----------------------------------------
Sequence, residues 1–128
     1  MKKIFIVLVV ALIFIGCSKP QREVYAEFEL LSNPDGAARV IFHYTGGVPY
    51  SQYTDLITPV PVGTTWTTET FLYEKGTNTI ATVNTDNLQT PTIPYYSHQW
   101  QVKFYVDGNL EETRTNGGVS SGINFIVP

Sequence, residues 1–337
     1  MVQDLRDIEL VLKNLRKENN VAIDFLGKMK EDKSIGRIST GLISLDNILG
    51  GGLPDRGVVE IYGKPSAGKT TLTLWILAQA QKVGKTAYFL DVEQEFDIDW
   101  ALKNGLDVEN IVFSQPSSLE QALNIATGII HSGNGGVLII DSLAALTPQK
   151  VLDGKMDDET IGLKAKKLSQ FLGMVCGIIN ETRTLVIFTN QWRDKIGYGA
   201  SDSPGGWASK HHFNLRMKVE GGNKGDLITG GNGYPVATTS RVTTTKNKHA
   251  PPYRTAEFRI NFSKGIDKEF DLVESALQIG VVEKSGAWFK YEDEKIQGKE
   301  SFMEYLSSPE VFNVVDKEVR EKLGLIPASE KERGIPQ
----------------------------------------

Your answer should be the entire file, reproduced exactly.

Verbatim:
Sequence, residues 1–128
     1  MKKIFIVLVV ALIFIGCSKP QREVYAEFEL LSNPDGAARV IFHYTGGVPY
    51  SQYTDLITPV PVGTTWTTET FLYEKGTNTI ATVNTDNLQT PTIPYYSHQW
   101  QVKFYVDGNL EETRTNGGVS SGINFIVP

Sequence, residues 1–337
     1  MVQDLRDIEL VLKNLRKENN VAIDFLGKMK EDKSIGRIST GLISLDNILG
    51  GGLPDRGVVE IYGKPSAGKT TLTLWILAQA QKVGKTAYFL DVEQEFDIDW
   101  ALKNGLDVEN IVFSQPSSLE QALNIATGII HSGNGGVLII DSLAALTPQK
   151  VLDGKMDDET IGLKAKKLSQ FLGMVCGIIN ETRTLVIFTN QWRDKIGYGA
   201  SDSPGGWASK HHFNLRMKVE GGNKGDLITG GNGYPVATTS RVTTTKNKHA
   251  PPYRTAEFRI NFSKGIDKEF DLVESALQIG VVEKSGAWFK YEDEKIQGKE
   301  SFMEYLSSPE VFNVVDKEVR EKLGLIPASE KERGIPQ